Saturday, June 29, 2013

balancing boats, carefree summers

an email from a friend inspired me to write a blog post.  an email from a friend about friendships.  friendships, relationships, friends, relations, well, that's the stuff that really keeps the boat from tipping into waters just darkened by the reality or the perception of cancer.  of course there are other things too (my bike, good food, 30 rock), but people-- thank you!

this second round, like the first, has been fairly gentle on me (maybe gentler overall than round one).  day one (chemo day) was by far the worst day.  worse than day one from round one, but i woke up the next morning feeling fairly fine and have felt fairly fine ever since.  not perfect, not normal in terms of energy, but fine.  i spent much of tuesday on the couch... tired's peak... but everyday i've been outside on my bike. thank you bike.  

emotionally, mentally, i'm doing well, except when i get an ache in my toe and convince myself this cancer has metastasized there (it's possible, you know), or the achy knee... was it just biking with the inflexible 'skinny jeans' i picked up for free at the co-housing place with the free clothing room?  yes it was. phew.

but maybe if you've ever had a baby... a challenging baby-- one who didn't sleep like all the books told you he'd sleep, then maybe you were like me in thinking, "it will never end.  life will never be normal again.  i will always be this tired.  i will never spend a normal day outside, enjoying life the way i see people enjoying life.  it will always be me, trying to find a way to soothe this little tiny disgruntled baby."

it is, in a way, how i feel with cancer.  that i've stepped off the track of normal society where people have carefree summers and have time to think about how best to raise their children or what advice they'd give to their twenty year old selves and well.. none of that is quite real is it?  that's just huffpost parents and blogs and facebook telling me that's what my life would be like if i didn't have cancer.  still... i feel a disconnect... with my past life... with my hypothetical non-cancer life... and i think sometimes, it will always be like this.  me, trying to find a way to stop this huge, horrible, disgruntled disease.  i will never have a carefree summer (as much as anyone can have one) ever again.  i will never be able to take back all the stupid cartoons we've let these boys indulge in since we first feared the worst and so therefore i will never be able to raise my children exactly as i want to.  and i don't know what i could have told my twenty year old self to make it so that i never got cancer in the first place, but what does it matter anyway, because i can never again not have cancer, even if, in the best case scenario, this disease takes up one year of my life and no more.  i can never take it back, and so, i think, it will always be a part of me.  i can never have lived a perfectly healthy life now.  and i can never not worry that this cancer will come back, assuming it goes away in the first place.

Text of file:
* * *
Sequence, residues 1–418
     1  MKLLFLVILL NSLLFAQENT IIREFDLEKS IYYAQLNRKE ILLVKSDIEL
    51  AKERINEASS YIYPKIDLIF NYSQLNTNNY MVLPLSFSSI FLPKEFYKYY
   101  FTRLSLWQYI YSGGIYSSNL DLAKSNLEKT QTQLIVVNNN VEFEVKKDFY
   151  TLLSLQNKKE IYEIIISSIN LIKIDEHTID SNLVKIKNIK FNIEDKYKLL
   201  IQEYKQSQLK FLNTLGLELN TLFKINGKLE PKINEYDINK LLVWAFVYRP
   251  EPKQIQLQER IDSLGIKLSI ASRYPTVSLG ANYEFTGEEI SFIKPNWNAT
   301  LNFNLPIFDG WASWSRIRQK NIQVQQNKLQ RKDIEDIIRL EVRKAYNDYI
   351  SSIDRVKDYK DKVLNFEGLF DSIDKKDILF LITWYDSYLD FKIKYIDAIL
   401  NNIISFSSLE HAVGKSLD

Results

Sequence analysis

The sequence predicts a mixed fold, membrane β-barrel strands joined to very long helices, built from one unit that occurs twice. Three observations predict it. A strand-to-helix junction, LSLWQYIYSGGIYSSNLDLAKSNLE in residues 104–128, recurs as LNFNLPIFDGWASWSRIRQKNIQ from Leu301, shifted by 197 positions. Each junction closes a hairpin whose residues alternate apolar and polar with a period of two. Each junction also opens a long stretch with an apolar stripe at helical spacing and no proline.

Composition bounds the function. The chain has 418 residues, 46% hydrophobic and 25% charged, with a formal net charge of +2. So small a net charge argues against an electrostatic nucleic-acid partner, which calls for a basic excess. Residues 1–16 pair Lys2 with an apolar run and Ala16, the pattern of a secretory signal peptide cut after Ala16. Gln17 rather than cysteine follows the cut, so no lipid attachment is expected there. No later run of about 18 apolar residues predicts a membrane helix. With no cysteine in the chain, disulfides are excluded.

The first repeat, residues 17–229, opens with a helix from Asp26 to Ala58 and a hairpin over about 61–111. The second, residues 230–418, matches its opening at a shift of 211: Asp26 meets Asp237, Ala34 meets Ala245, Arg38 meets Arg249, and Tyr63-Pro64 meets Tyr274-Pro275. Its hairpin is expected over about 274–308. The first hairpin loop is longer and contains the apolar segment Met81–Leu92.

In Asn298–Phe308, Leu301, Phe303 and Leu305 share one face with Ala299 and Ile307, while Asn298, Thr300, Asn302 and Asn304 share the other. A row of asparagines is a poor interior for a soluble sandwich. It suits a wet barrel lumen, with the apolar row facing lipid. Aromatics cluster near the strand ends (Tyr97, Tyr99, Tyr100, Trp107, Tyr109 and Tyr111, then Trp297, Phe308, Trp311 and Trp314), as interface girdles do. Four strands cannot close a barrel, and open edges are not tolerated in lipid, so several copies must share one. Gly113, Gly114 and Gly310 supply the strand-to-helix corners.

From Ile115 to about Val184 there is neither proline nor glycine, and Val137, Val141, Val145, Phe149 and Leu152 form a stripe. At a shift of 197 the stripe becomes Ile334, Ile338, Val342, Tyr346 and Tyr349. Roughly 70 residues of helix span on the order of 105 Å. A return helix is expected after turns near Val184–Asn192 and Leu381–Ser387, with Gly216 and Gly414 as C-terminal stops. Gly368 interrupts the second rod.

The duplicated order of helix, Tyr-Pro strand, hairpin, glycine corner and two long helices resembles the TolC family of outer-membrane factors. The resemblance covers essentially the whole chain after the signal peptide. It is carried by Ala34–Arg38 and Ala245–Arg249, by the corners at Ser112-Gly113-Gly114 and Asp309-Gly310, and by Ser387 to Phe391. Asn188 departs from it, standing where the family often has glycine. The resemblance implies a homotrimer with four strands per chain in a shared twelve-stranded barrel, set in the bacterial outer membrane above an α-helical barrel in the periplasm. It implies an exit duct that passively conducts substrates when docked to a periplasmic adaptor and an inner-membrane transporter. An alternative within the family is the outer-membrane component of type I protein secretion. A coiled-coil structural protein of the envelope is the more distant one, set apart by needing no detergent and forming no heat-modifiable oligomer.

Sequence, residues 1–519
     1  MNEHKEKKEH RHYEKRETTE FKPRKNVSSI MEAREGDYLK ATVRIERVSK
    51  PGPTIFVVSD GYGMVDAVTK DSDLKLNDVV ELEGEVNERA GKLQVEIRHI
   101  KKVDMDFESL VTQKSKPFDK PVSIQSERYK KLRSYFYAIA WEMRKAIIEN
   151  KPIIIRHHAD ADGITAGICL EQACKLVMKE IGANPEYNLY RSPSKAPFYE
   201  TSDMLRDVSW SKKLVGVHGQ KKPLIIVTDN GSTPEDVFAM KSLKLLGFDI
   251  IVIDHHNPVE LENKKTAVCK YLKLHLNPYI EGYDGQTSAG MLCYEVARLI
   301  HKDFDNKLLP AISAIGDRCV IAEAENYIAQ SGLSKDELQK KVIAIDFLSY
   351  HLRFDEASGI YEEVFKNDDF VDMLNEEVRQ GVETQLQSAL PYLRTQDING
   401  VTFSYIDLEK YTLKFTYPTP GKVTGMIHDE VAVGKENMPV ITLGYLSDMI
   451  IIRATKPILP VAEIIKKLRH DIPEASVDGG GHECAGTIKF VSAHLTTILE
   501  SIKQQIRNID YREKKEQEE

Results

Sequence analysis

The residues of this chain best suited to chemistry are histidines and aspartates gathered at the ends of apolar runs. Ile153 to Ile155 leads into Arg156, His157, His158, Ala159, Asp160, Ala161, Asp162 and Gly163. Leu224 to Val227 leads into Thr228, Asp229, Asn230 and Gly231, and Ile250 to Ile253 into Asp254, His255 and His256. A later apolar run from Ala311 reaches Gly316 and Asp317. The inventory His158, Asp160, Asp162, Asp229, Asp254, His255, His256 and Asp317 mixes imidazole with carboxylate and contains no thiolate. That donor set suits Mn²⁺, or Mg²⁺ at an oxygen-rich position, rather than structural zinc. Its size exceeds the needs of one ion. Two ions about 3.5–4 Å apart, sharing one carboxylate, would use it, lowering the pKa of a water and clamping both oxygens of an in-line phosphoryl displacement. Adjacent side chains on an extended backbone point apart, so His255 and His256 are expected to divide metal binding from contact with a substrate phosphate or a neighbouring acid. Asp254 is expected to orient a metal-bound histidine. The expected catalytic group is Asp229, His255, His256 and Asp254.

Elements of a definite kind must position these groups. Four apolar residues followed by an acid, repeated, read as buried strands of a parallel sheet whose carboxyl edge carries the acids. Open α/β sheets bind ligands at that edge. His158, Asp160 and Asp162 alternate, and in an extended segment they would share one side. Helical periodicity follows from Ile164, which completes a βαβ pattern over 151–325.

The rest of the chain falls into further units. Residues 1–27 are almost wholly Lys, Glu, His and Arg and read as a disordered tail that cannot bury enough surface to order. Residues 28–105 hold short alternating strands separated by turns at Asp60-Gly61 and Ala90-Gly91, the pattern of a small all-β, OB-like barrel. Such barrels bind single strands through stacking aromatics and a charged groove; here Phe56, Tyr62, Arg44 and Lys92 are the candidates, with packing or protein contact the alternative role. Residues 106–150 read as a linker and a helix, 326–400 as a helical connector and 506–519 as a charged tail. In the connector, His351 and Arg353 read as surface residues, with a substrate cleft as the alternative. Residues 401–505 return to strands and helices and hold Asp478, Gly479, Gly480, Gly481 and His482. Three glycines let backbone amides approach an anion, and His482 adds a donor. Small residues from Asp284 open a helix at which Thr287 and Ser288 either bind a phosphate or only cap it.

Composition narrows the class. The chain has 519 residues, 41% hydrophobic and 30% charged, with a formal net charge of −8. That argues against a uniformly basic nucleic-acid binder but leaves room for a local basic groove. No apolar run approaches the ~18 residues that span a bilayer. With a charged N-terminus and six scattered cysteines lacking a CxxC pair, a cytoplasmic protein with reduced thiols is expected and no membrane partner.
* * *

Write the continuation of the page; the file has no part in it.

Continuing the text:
well... my short-sightedness... my perspective from the thick of trying to soothe a disgruntled little one or from trying to kill every one of the millions of wayward cells in my body.  i know logically, and from knowing others who have been through this and come out the other side and enjoyed carefree summers and raised their kids right, that i am seeing things from way too close up now to have any real perspective on it.

i know this.  and i'm grateful for knowing this.  because it's in knowing this and also in friendships and relationships (and my bike and good food and 30 rock) that the boat stays balanced.  that i can say, in all honesty, emotionally, mentally, i'm doing well (except when i get that ache in my toe).

3 comments:

nina said...

What would have been had this thing not happened to me... I understand. Let me write you an email about it.

In the meantime, know this -- time makes mincemeat of all fears. Ten years from now, you will only think about cancer on your annual visits for a checkup.

Phyllis Noble said...

Too close to have any "real perspective on it?" Not at all. You are giving us your perspective from the very center of it, from deep inside it. Thank you.

Suna said...

why not write a book Regan - a collection of essays? You really have something to give